How the Rest of the World Does Anti-Ageing
Ever since we took a deep look into how Korean women view skincare as part of their culture—which goes as far as having a family facialist the way Americans have family doctors—we can't help but wonder if women elsewhere around the globe take anti-ageing just as seriously.
In Colombia, there are zero qualms attached to plastic surgery in the name of vanity. In fact, according to the International Society of Aesthetic Plastic Surgery, a procedure is performed every five minutes, with liposuction and breast implants as the popular choices. The opposite can be said about women in Europe, where minimalism is the preferred approach to anti-ageing.
We spoke with a handful of skincare experts in the industry from around the world to see how the rest of the globe does anti-ageing. While everyone's philosophy varies, the commonality each county shares is that beauty plays a role in everyone's life.
Keep scrolling to read what international skincare experts had to say about how women from Korea to India do anti-ageing.
"For many beautiful Indian women, it's household ingredients to the rescue when it comes to anti-ageing. Some of the most powerful solutions for skincare—especially for skin ailments—come right from the backyard. Honey masks made for surefire remedies for everything from relieving acne to achieving that pre-wedding glow. Green tea and honey masks are a powerful and instant antioxidant pick-me-ups for your skin. Indians have had a love affair with turmeric well before it made headlines. This ingredient has been a choice healing herb for centuries in Ayurveda. With a plethora of amazing benefits, it can be used to soften skin, reduce wrinkles and treat acne and oily skin.
"At the other end of household ingredients sit some über-precious rare ingredients: frankincense, rose, and sandalwood. They are also favourites of beauty aficionados today and are more common in many skincare products today. Dark spots and rough skin are rapidly repaired when your skin's natural cellular turnover is restored and boosted. Frankincense helps do this powerfully, without drying the skin or making it sensitive. Rose oil is thought of as a 100% natural alternative to hyaluronic acid and used to plump skin with rich moisture, without the downsides of a synthetic additive. Sandalwood slows down the aging of the skin. It calms and supports the skin, creating that clean, flawless, luminous complexion that we all hanker after."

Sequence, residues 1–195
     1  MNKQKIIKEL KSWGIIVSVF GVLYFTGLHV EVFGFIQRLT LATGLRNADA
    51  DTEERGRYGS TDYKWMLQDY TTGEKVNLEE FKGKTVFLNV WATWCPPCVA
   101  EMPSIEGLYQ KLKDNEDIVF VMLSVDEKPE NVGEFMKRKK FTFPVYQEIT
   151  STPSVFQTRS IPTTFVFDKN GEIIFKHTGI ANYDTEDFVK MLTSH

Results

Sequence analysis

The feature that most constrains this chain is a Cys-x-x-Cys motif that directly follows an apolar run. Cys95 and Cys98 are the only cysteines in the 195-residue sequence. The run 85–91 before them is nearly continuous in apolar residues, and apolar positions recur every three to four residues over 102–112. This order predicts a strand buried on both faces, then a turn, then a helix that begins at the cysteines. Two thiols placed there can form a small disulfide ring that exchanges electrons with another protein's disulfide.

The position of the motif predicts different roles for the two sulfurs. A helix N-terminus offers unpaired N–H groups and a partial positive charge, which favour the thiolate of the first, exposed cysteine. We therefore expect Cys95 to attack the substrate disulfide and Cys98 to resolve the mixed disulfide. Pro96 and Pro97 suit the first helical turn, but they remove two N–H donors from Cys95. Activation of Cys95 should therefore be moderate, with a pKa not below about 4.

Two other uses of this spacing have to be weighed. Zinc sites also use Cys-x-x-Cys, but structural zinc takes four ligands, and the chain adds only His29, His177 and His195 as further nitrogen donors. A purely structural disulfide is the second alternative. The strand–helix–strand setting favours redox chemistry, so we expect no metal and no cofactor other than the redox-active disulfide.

— Shrankhla Holecek, Uma Oils
"In Colombia, beauty is not considered a luxury but rather a necessity, like brushing your teeth. One of the best, and sometimes the worst, things about Colombian women is that we embrace everything and are willing to try everything and do the maximum we can for our beauty. We tend to love the self-care rituals and layering many products and are really dedicated to making the time to take care of our skin, whether it's masking, facials, serums, ampoules, or anything else.
"The bad part can be that, because we are so open, we experiment with everything that is new, even if it's untested, and trying out new lasers and treatments like that can sometimes end up causing disasters. Plastic surgery and injections are very normal and accepted in Colombia, even as a preventative, which to me can seem unnecessary when you are really caring for the skin the way we tend to.